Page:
Guardian’s Afghan sugar-coat: More disinformation on ethnic cleansing of Jews from Muslim lands

This is cross posted by Bataween at the blog, Point of No Return

Jewish cemetery in Herat, Afghanistan

If there was an Oscar awarded for ‘chutzpah’ (cheek), Nushin Arbabzadah’s article yesterday on the Guardian ‘s website Comment is Free would probably win it hands-down.

The ‘story of the Afghan Jews is one of remarkable tolerance’ belongs in the realm of fiction, rather than on a newspaper of record. You might as well say water is not wet. Hitler was not evil. There was no historic antisemitism in Afghanistan.

The author builds a fantasy that Jews were pretty much like other Afghans – conservative, patriarchal. Because of their cosy isolation, Afghan Jews were shielded from antisemitism. Antisemitism was something, Nushin implies, that came from the ouside.

The piece begins with the author’s own personal experience of Jews during the era of the Soviet occupation, a time when only a few hundred Jews still lived in Afghanistan. Nushin had a clever, blond Jewish classmate whose household was accused of immorality for letting a man into the home (presumably a Shabbat goy) on Shabbat. The inference is that such religious bigotry had suddenly sprung out of nowhere to prepare the ground for the fundamentalist era of the Taliban.

Then Nushin drops the bombshell: the Afghan antisemitism she witnessed was not representative.

“From a historical perspective, the story of the Afghan Jews is a tale of remarkable tolerance. It may seem hard to believe today, but historically it was Afghanistan to which Jews turned to when escaping religious persecution in Iran and central Asia. It was in the dusty, ancient cities of Herat and Kabul, to the west and the east of Afghanistan, that they found freedom to practise their faith without getting murdered in the process. A community of leather and karakul merchants, poor people and money lenders alike, the large Jewish families mostly lived in the border city of Herat, while the families’ patriarchs travelled back and forth on trading trips, moving between Iran, Afghanistan, India and central Asia on the ancient silk road.”

Thankfully, a few Guardian commenters are quick to point out that as dhimmis, Jews had wear black turbans distinguishing them from Muslims and were subject to the usual strictures of sharia law, paying the jizya or poll tax in order to buy the protection of the authorities. Although Jews have lived in Afghanistan for 2,500 years, arriving as part of the Babylonian diaspora, they were wiped out in the 13th century by the Mongols and were never in Afghanistan in great numbers. Iman Allah Khan (1919 – 1929) worked to break the power of the religious authorities, but it was only under the relatively enlightened Nadir Shah (1929 – 33) that the jizya and discriminatory signs were abolished.

There was one brief demonstration of ‘remarkable tolerance’ in the 19th century: Nushin is correct that there was a short term influx of Jews fleeing from Persia, where the Muslim authorities had begun to aggressively persecute them and forcibly convert the Jews of Meshed to Islam, quickly bringing Afghanistan’s Jewish population up to 40,000. But all this changed in 1870 when many Jews left Afghanistan and the Muslim authorities enacted anti-Jewish measures.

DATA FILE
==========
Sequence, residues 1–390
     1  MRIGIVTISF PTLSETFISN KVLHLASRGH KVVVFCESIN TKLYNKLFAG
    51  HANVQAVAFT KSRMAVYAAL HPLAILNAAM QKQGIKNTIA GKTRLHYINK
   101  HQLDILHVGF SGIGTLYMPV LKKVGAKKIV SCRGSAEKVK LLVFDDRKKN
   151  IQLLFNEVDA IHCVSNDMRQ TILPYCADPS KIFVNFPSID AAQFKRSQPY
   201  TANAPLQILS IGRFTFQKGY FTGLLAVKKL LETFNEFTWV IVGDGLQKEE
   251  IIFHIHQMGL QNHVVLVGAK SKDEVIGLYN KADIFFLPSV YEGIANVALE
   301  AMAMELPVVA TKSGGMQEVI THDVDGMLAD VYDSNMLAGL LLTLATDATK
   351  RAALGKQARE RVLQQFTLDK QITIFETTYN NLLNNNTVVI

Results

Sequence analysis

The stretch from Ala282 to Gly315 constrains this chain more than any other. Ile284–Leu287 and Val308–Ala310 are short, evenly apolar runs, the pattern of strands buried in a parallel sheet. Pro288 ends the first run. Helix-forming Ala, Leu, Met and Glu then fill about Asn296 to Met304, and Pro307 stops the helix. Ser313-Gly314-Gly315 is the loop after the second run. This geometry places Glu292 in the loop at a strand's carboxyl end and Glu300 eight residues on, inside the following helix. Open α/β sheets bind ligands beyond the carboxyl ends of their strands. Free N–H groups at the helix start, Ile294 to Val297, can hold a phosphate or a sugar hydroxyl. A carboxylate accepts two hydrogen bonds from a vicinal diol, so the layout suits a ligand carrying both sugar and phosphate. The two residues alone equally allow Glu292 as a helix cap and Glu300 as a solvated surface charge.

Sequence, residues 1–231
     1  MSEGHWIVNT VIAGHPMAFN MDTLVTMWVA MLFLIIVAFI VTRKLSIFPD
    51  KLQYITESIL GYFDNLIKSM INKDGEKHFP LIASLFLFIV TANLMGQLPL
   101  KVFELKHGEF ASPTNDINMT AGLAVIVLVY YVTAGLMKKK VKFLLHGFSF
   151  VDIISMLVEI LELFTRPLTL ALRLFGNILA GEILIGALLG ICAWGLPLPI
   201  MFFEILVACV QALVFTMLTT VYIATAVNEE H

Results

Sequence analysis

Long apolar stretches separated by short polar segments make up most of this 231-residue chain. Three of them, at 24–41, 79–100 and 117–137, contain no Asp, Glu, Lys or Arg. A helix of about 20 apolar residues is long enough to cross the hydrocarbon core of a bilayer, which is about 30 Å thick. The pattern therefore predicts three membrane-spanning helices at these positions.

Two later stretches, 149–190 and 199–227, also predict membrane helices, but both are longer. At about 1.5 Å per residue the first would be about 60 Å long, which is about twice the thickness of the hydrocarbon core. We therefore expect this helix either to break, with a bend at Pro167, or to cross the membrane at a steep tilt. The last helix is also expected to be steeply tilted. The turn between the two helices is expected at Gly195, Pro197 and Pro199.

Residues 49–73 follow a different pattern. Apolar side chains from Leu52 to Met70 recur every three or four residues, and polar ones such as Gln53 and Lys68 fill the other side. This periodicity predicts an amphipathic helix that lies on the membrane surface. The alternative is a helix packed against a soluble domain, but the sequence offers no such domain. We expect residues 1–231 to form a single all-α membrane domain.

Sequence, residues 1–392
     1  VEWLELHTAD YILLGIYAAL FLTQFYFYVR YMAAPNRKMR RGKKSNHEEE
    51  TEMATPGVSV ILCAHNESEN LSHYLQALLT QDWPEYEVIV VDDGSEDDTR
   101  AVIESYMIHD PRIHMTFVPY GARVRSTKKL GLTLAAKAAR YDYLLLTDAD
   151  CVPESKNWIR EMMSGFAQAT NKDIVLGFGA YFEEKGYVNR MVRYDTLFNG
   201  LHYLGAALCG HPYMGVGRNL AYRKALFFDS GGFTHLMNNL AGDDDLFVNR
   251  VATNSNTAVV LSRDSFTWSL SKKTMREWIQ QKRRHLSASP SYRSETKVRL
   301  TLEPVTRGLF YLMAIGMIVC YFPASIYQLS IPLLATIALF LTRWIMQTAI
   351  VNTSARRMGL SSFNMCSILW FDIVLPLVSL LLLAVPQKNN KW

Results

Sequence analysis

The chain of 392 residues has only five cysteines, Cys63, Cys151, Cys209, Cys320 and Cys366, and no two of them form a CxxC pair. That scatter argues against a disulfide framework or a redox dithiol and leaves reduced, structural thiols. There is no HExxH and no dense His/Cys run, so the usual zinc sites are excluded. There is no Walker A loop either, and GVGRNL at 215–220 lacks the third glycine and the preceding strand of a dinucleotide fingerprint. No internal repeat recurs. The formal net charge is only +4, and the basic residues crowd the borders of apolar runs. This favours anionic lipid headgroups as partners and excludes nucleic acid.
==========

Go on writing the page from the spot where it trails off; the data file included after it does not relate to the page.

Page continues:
Nushin then drops another bombshell:

“The Afghans’ isolation from the rest of the world was a blessing in disguise for the Jewish community because being cut off from global political trends meant that ordinary Afghans were untouched by the raging, European-led, antisemitism of the early 20th century. Even at the height of the Nazi influence in Kabul of the 1930s, it was Afghan nationalism rather than antisemitism that led the government to introduce economic measures that bankrupted Jewish money-lending families.”

In 1933, following the assassination of Nadir Shah there was an anti-Jewish backlash and Jews were banished from most Afghan cities, limiting them to Kabul, Balkh or Herat. It is true that Nazi-inspired nationalism victimised the Jews in the Thirties (stripping them of citizenship, preventing them from settling in the north, and imposing swingeing taxes), but there is only one way to describe the Sh’ite riots in Herat in 1935 and other violence against the Jews until 1944, accompanied by incitement by Musim clerics, forced conversions to Islam, rape of women, girls and boys:

Good old-fashioned antisemitism, much of it religiously-inspired.

“The laws affecting the Jewish community were soon removed and in the following decades Afghanistan was the only Muslim country that allowed Jewish families to immigrate without revoking their citizenship first. When Afghan Jews left the country en masse in the 1960s, their exile to New York and Tel Aviv was motivated by a search for a better life but not because of religious persecution.”

Some 4000 out of 5,000 left in 1951 shortly after the foundation of the state of Israel, not in the 1960s, as Nushin states.

What ‘remarkable tolerance’: Afghanistan did not revoke emigrating Jews’ citizenship. Yet for years Jews had not been allowed to move from city to city, let alone leave the country.

The trials and tribulations of the remaining community did not cease. One can safely assume that persecution and discrimination were a key factor in their subsequent departure. In an echo of the Jizya, Jews had to pay a tax (harbiya) not because they were exempt, but because they were excluded from military service. In 1955, a young girl, Tova Shamualoff, was kidnapped and forcibly converted to Islam. After the Six-Day War the authorities had to call out the army to protect the remaining 300 Jews. Now there is a single, solitary Jew in the country.

Call that tolerance?

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